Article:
In his usual humble and transparent way of talking, Power used his platform in Jamaica to share his testimony about his conversion in 1999, which was followed by a dream/vision he received to start the GDOP that resulted in the historic prayer service at Newlands Stadium in 2001. About five years later he received another vision, to start a global campaign challenging people to commit to ethics, values and clean living, which was launched as UE (www.unashamedlyethical.com) in 2006. By 2010 the GDOP had expanded to 220 nations, and this day of repentance and prayer is marked annually on Pentecost Sunday. In 2014 the GDOP anchor service was held in Chennai, India. Jamaica has been participating in the GDOP since May 2005 and a number of major prayer groups in that nation do attribute their founding largely to the influence of this movement.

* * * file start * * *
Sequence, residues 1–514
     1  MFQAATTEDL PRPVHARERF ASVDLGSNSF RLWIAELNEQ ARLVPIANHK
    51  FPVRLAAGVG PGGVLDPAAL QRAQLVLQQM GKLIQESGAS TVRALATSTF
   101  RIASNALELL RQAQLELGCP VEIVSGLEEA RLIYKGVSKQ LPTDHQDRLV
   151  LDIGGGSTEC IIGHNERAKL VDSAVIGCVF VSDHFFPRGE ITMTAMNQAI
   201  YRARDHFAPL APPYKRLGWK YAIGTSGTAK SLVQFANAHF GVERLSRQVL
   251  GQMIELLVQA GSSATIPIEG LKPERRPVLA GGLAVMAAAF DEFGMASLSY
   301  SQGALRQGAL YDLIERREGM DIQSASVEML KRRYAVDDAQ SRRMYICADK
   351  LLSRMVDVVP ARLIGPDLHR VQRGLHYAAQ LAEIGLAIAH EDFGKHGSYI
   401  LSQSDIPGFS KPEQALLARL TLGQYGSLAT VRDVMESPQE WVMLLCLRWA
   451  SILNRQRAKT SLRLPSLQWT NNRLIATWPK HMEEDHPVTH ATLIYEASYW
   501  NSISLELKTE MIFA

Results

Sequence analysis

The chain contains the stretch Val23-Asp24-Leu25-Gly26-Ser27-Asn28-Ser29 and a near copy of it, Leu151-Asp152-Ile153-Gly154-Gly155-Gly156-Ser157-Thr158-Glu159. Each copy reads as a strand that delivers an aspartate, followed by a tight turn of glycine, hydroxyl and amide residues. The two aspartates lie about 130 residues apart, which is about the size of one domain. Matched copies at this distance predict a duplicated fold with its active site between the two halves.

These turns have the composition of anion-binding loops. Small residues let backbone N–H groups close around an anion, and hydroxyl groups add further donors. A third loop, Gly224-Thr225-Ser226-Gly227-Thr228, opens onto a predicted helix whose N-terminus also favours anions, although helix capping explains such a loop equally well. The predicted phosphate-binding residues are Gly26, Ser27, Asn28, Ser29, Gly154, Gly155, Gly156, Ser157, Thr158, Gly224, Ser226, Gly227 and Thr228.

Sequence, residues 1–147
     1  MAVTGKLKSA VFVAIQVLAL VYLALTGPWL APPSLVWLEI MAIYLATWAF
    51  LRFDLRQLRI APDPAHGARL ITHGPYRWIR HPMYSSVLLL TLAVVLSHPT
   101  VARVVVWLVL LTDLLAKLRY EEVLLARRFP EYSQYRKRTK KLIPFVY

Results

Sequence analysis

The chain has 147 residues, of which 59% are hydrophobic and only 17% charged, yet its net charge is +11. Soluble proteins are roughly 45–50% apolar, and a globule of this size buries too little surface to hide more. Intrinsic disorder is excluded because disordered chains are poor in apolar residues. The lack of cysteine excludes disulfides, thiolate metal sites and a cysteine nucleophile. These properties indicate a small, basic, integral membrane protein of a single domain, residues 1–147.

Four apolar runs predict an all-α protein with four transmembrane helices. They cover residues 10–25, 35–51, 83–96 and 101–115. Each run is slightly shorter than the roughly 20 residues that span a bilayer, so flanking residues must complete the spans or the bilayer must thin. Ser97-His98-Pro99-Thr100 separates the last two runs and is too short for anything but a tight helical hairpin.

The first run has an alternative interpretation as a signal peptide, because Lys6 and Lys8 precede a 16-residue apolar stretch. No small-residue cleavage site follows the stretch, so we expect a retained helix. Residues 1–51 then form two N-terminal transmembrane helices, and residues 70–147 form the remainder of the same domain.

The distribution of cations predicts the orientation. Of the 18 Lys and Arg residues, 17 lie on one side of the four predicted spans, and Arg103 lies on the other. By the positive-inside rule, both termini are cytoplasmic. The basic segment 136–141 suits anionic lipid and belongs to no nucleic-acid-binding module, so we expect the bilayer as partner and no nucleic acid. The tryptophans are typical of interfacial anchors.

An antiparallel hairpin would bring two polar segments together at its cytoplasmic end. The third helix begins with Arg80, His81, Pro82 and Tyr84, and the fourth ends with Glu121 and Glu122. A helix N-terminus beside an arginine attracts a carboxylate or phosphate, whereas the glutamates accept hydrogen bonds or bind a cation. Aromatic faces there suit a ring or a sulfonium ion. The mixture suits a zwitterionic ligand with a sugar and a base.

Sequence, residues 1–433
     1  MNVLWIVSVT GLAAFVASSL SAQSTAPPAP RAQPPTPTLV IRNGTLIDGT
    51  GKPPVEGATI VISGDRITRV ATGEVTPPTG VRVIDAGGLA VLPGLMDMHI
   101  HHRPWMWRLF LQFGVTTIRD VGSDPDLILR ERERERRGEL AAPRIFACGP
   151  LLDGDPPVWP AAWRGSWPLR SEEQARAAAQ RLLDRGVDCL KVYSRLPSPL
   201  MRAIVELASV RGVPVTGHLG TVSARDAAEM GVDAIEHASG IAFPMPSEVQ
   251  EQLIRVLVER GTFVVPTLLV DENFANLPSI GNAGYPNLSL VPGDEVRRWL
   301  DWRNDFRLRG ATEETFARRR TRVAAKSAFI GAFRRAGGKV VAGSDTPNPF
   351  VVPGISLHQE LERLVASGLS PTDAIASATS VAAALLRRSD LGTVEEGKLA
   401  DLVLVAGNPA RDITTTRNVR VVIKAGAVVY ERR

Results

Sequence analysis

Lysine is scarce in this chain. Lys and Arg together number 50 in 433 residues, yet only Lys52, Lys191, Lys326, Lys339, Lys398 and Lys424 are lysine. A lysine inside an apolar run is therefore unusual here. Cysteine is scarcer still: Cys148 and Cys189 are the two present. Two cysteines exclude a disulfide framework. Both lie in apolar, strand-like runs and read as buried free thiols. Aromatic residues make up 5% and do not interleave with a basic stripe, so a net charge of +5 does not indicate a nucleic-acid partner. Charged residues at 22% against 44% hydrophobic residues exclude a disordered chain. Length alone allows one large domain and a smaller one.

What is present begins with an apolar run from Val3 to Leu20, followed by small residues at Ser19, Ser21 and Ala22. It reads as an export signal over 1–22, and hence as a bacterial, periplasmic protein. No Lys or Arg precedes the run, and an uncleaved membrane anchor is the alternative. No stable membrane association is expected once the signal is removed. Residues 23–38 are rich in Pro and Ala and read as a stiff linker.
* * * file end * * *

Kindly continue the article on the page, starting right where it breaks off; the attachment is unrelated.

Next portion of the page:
Power expressed his gratitude for Jamaica’s forthright stance against apartheid and the significant roles the nation played in seeing this evil in South Africa eradicated. This humble servant of God won the hearts of Jamaicans everywhere as he apologised for the horrible treatment of their ethnic brothers and sisters during that shameful period and sought their forgiveness on behalf of his nation. It is no wonder that he was so well received, his shared vision from God for transformed nations so warmly embraced and that people everywhere he went committed, with great anticipation, to be “unashamedly ethical”.